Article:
Below is a frequently asked question about computers' energy consumption.
Q: How much energy does my computer use?
A: The annual energy consumption of a computer varies widely, from less than 30 kilowatt-hours (kWh) for a rarely used laptop to more than 1,000 kWh for a large desktop that uses several peripheral technologies and is often left on overnight. While the computer itself usually accounts for the largest share of energy use, the monitor, speakers, printer, modem, router, scanner and other equipment can consume significant amounts of electricity as well. By choosing efficient products and powering down after use, you can significantly reduce your energy costs.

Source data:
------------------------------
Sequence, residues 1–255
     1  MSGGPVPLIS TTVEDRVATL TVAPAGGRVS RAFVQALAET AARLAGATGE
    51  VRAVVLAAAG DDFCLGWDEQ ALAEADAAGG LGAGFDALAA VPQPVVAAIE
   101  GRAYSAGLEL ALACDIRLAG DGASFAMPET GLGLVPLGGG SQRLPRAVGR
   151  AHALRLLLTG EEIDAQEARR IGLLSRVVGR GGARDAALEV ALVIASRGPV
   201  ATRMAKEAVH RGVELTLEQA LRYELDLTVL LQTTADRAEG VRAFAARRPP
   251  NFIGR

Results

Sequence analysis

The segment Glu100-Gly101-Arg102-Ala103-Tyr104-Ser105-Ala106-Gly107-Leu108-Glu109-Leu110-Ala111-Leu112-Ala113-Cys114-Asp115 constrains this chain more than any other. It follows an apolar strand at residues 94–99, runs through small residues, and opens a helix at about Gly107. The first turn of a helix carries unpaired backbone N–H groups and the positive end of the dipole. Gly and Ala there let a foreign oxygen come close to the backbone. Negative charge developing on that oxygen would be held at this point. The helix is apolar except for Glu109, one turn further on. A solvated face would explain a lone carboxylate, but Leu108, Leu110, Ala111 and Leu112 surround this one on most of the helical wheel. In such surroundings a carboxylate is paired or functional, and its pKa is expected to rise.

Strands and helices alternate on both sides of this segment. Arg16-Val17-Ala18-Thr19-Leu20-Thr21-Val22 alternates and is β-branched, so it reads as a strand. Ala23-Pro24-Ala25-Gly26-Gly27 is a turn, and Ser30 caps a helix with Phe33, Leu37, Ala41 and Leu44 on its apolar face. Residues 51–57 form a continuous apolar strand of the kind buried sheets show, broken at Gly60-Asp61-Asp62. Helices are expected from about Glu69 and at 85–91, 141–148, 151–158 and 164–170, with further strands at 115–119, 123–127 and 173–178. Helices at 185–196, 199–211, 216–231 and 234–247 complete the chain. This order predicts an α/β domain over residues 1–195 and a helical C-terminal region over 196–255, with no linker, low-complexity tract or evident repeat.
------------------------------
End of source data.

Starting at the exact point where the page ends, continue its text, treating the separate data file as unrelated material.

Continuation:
The average desktop computer is in active mode for 2,954 hours per year, in sleep mode for 350 hours and switched off for 5,456 hours. The typical desktop consumes 75 watts in active mode, 4 watts in sleep mode and 2 watts while shut down. These averages translate to a total of 236 kWh per year. However, a desktop computer left on continuously will consume more than 650 kWh annually, and a high-performance gaming system with a powerful graphics card and multiple drives can use even more. By comparison, a midsize ENERGY STAR® refrigerator consumes about 400 kWh per year.
Computers and peripheral equipment are considered "energy vampires," because they consume energy in standby mode. Check out SRP's energy vampire calculator to see what kind of bite vampire appliances take out of your wallet!